Wake Ed

Wake County school board to vote on $1.5 billion budget proposal

Instructor Daniel Jarvis at left leads his concert band II class of Apex High school students through their music in a very cramped band rehearsal room Thursday, January 28, 2016. The Wake County school board will vote on a budget proposal May 3, 2016 that includes more funding for arts programs.
Instructor Daniel Jarvis at left leads his concert band II class of Apex High school students through their music in a very cramped band rehearsal room Thursday, January 28, 2016. The Wake County school board will vote on a budget proposal May 3, 2016 that includes more funding for arts programs. hlynch@newsobserver.com

Expect a lot of comments from Wake County school board members on Tuesday about why they feel a request for a $35.7 million increase in funding from the county is reasonable and modest.

The agenda for Tuesday’s meeting includes the school board adopting a $1.5 billion operating budget proposal for the 2016-17 fiscal year. Much of the attention is on the request that the Wake County Board of Commissioners provide $421.7 million, or a 9 percent increase in county funding.

This request comes a year after the commissioners approved a record $44.6 million funding increase for the school system.

The school board had considered at the April 19 budget work session whether to revise Superintendent Jim Merrill’s budget proposal. But board members opted not to do so, in part because of last year’s increase.

School leaders say most of the $35.7 million local funding increase is needed to keep up with growth, pay for the impact of state legislative decisions such as a possible 3 percent increase in teacher pay and continue programs begun last year. About 10 percent of the local increase would go toward new and expanded programs, including boosting funding for arts programs.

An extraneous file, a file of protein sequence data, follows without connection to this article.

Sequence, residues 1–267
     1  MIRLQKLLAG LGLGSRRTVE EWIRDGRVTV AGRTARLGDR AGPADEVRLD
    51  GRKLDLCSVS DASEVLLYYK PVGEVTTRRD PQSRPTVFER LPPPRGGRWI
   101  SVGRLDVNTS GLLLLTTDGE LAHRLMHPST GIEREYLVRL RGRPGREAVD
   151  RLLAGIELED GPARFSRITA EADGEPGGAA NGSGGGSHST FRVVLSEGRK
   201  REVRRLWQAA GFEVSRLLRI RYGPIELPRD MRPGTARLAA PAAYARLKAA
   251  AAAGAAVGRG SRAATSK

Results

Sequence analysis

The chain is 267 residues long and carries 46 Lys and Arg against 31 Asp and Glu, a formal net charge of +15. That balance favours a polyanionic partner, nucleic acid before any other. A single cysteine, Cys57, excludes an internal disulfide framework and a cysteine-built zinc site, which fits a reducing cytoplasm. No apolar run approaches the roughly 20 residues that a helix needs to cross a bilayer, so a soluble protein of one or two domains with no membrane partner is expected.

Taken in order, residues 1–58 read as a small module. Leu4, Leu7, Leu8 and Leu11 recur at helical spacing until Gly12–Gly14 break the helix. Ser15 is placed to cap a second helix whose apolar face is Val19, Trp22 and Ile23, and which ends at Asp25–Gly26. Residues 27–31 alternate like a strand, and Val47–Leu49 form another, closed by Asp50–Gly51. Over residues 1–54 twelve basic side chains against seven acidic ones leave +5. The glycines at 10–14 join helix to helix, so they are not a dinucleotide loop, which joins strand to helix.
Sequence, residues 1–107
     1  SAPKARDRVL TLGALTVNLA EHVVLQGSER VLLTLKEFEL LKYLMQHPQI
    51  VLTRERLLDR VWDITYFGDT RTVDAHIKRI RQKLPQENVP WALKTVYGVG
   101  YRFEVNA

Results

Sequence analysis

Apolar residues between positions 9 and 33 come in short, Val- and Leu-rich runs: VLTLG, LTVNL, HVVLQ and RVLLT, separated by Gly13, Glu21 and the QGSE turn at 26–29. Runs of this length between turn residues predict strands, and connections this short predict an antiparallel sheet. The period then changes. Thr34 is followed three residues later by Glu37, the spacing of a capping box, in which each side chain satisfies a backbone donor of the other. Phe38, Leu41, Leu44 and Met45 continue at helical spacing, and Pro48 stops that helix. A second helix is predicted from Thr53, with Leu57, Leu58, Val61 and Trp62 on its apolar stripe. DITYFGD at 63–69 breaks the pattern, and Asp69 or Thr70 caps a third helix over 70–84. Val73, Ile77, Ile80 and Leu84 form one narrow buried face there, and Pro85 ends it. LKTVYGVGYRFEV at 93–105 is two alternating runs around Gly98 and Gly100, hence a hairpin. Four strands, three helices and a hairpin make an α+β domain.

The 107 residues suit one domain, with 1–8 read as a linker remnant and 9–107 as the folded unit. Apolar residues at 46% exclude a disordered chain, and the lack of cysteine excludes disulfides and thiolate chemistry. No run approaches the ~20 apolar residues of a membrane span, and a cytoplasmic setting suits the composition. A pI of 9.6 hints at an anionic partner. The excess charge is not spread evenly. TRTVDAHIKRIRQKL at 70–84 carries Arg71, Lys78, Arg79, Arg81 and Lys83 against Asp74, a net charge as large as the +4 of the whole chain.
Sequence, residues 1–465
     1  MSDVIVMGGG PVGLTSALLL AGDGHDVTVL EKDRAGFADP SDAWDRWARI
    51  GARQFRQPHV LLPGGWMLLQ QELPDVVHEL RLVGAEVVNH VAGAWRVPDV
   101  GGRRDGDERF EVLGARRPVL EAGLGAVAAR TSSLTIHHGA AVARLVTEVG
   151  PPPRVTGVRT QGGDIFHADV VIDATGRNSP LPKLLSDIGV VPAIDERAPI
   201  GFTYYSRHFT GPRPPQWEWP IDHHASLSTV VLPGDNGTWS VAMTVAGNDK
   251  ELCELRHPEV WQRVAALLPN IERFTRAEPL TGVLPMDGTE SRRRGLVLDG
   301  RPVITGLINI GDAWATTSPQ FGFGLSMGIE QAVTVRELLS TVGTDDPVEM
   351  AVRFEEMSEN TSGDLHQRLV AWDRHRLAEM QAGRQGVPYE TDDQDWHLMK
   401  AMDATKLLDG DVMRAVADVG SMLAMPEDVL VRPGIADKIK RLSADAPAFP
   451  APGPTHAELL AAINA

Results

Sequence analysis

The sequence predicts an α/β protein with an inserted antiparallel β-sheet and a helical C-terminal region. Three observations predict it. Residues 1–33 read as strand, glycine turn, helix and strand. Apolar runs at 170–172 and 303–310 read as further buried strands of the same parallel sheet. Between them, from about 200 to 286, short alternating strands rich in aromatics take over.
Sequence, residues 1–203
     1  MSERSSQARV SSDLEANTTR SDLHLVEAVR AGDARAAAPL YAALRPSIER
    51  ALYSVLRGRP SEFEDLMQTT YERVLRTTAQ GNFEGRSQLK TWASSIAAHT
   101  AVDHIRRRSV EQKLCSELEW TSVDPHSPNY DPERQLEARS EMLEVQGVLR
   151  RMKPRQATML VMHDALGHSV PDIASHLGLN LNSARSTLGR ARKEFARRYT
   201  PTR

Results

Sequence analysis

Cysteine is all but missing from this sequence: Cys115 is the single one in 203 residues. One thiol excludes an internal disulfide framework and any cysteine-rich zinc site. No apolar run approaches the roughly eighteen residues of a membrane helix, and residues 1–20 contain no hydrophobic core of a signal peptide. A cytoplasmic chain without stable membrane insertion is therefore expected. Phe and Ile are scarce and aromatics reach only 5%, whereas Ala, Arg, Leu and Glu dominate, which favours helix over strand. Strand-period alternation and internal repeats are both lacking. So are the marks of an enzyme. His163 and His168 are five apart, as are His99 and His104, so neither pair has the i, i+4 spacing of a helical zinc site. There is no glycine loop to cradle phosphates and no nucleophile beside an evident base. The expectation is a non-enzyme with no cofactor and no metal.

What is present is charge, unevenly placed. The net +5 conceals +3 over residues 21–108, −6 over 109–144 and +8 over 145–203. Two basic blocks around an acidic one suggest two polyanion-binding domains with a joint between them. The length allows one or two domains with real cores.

“This is not a gratuitous request,” Merrill told the board on April 5. “This is modest.”

The budget doesn’t include a request for more local money to raise salaries for teachers or other school employees. Last year’s record local increase led to all school employees getting a raise.

Board members may note how per-pupil funding – including county, state and federal dollars – is 0.2 percent less than it was in the 2008-09 school year. Enrollment has increased 14.3 percent in that time span.

Commissioners have been vocal in their support of public education, as shown by last year’s budget

How much commissioners are willing to provide this year could be more problematic. This is an election year when commissioners are also hoping to get public support for raising sales taxes a half-cent to pay for the transit plan.

There’s also been no decision yet whether commissioners would put a school construction bond referendum on this year’s ballot.

Also on Tuesday’s agenda, the board is scheduled to give initial approval to the citizenship and character education policy and Pledge of Allegiance policy. Look for board members to reiterate that they have no intention of changing how the Pledge of Allegiance is recited or taught.

Board members were caught off guard by the public backlash to proposed policy changes that included wording saying the district’s citizenship curriculum “may encourage teachers to use the recitation of the Pledge of Allegiance as an opportunity to teach students about the history concerning coercion and the importance of the First Amendment to the Bill of Rights.”

Board members said they were simply adding wording suggested from the N.C. School Boards Association. But that new wording is being dropped.

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